Category: breads

No Knead Focaccia Bread

Our cooking club theme for April was originally “Grilling” but with a forecast of 50F and rain, we changed it to Italian.  I had such a hard time deciding what to bring.  With antipasto, sausage stew, eggplant lasagna, meatballs, and tiramisu on the menu, there was only one thing missing – bread!  So I decided to try this No Knead Foccacia recipe from Budget Bytes.

It’s almost embarrassing to admit how little effort it took to make this bread.  The night before, I mixed flour, yeast, salt, and a teaspoon of garlic powder in a bowl and added water as the recipe indicated.  I went to bed, lounged around the next morning, and eventually turned the dough onto a cookie sheet for a second rise.  I brushed the dough with olive oil and herbs, and popped it in the oven.  When the bread was golden brown, I put the flat loaf on a cooling rack and sprinkled freshly grated Parmesan cheese.

That’s it, really!  The focaccia had a lot of flavor and was a nice complement to our meal.  I’ll be sure to make this again soon.



Hot Cross Biscuits

Lent is supposed to be about penance and sacrifice.  These biscuits from Joy the Baker do have a cross on the top, but it is certainly not a sacrifice to make them.  And it definitely isn’t a sacrifice to eat them!

Last year I made my grandmother’s traditional hot cross buns which were good, but these biscuits are even easier because there is no yeast required.  You just need a lot of butter and a few other ingredients.  Don’t worry if you don’t have a biscuit cutter, the top of a glass works just fine!  You need more butter and some powdered sugar for the frosted cross, but you can’t skip this step or they’re just biscuits.  And who doesn’t like a reason to make a small batch of frosting?


Cornmeal Scones

It’s handy to keep cornmeal around for polenta, but you can also use it to bake.  I wasn’t in the mood for traditional corn muffins, so I found this recipe for Cornmeal Scones.  (Note: There’s a typo in the recipe, and step 1 should say to say to mix flour, cornmeal, sugar, baking powder, and salt.)  The ingredients are simple, and they’re the kind of thing you can whip up quickly on a Sunday morning.

The scones are nicely crisp on the outside but soft on the inside.  I cut the scones on the small side, and plan to freeze most of the batch.  They are dusted with sugar but still not overly sweet.  You could enjoy them on their own, or with a savory dish, but you will enjoy them!


French Toast Muffins

This muffin recipe promised to deliver ‘the best part of French toast rolled up in a muffin’.  With a promise like that, I got out my mixing bowl!  Of course, the recipe calls for Bisquick which I never keep in the house, so I used the trusty Bisquick substitute of 1 c. flour, 1 1/2 t baking powder, and 1/2 t salt.  The batter came together quickly, but the muffins took a bit longer in the oven than the recipe indicated.

When they came out of the oven, I brushed them with melted margarine and dusted them with cinnamon and sugar.  After all that, you’d think they’d be amazing, right?  Ehhh, I was disappointed.  None of them will go to waste, but they weren’t as good as I expected.  I think they need more cinnamon and sugar on the inside.  Don’t worry, I have another recipe on my list which I think will fix this problem!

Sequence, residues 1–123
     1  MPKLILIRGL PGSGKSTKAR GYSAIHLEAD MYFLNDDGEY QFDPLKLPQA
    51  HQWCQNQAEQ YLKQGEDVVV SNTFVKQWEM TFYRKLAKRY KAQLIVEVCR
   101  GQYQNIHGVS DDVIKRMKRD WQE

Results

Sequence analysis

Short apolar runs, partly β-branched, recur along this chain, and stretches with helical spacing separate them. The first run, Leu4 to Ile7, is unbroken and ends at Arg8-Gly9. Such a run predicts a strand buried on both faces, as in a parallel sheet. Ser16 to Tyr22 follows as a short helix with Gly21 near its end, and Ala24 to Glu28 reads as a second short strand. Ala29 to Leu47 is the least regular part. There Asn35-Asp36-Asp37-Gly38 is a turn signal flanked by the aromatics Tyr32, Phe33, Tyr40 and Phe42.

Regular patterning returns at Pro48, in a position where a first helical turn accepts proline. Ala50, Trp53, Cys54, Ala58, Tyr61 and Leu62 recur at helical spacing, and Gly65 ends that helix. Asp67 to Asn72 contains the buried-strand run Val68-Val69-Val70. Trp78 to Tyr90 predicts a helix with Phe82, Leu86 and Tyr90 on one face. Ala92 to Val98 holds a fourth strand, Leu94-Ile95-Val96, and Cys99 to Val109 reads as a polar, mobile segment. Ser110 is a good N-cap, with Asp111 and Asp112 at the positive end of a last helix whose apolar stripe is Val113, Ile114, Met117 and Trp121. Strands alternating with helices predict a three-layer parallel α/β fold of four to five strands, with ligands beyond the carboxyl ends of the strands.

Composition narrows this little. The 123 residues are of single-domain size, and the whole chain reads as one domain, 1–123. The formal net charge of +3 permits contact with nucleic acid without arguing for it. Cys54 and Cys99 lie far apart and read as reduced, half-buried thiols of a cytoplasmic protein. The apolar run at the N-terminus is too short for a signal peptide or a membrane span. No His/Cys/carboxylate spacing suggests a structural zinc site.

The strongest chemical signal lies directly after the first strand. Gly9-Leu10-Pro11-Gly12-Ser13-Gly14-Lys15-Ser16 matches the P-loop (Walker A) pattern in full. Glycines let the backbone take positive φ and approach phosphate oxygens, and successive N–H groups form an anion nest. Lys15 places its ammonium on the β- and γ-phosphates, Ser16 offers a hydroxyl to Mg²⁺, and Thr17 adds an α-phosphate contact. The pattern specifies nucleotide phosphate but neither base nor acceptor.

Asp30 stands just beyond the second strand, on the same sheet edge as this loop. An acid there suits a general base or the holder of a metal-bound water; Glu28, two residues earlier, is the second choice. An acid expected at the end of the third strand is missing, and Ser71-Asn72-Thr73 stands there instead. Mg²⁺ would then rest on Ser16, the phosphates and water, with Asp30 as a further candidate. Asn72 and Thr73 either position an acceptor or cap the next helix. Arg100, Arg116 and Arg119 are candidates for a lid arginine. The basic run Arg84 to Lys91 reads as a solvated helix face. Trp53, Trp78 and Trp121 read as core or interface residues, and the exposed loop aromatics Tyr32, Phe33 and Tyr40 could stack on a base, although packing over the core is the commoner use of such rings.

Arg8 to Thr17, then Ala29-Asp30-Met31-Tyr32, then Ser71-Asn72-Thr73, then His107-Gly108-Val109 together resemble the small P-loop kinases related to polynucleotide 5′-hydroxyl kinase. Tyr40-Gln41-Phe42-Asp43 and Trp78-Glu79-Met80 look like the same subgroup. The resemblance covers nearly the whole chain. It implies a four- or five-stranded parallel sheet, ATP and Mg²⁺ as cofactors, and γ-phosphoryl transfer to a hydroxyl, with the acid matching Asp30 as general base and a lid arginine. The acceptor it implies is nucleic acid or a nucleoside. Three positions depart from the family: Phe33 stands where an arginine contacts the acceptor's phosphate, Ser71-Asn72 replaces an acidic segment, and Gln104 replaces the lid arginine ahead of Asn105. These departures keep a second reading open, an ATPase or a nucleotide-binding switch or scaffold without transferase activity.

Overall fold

Irish Soda Bread

It’s a little early for St. Patrick’s Day, but I never made this last year and wanted to get a head start.  Plus, I had never taken a picture of it for the blog.  This is my family’s recipe, but there are many versions of Irish bread out there!

A few words of (Irish bread) wisdom.  First, you don’t need to buy buttermilk.  Place 1 1/2 T of white vinegar in a large measuring cup, and fill with milk to make 1 1/2 c total.  Allow milk to sit for 5 minutes, and you now have 1 1/2 c. of buttermilk.  Easy, right?  Second, don’t overmix the dough.  Really, you just want to make sure it’s blended together, you don’t want to stretch it out too much.  You also don’t want to be tempted to add too much additional flour; the dough is meant to be sticky, not smooth.  And finally, if the top gets too brown but the bread isn’t done, cover it with foil and keep baking.  You don’t want to dry it out, but you do need to make sure the inside is cooked.

Now I think I am inspired to make another loaf or two before the holiday!




Irish Soda Bread

4 c. flour
3 T sugar
1 T baking powder
1 t salt
3/4 t baking soda
6 T butter
1 1/2 c. raisins
2 eggs
1 1/2 c. buttermilk

Preheat oven to 350F. Coat a 2 quart round casserole dish with cooking spray. In a large bowl, mix the first 5 ingredients (flour through baking soda). With a pastry blender or two knives, cut in butter until mixture resembles coarse crumbs. Stir in raisins.

In a small bowl, beat eggs slightly. Remove 1 T egg and reserve. Stir buttermilk into remaining egg and then stir into flour mixture just until flour is moistened. The dough will be sticky.

Turn dough onto a floured surface, and with floured hands, knead about 10 strokes to mix thoroughly. Shape into a ball, and place in casserole dish. With a sharp knife, cut a cross in the top and brush dough with reserved egg.

Bake about 60-100 minutes, or until a toothpick inserted in center comes out clean.



Banana Walnut Dark Chocolate Muffins

Of course there are a lot of breakfasts you can eat on the go – healthy things like hardboiled eggs, orange sections, peanut butter sandwiches, and apple slices with cubes of cheese.  But I do like muffins as a treat sometimes, and my freezer was empty.

When I saw this recipe for Banana Nut Dark Chocolate Chunk bread from Danica’s Daily, I immediately bookmarked it, but knew I needed to make muffins for portion control.  Then I found really ripe bananas in the discount produce bin at the supermarket, and the fate was sealed.  I got 85% cacao Dark Chocolate from Trader Joe’s, pulled the last half cup of walnuts from my freezer, and got baking.  As muffins, they only require about 25-30 minutes in the oven, so be sure to set the timer accordingly.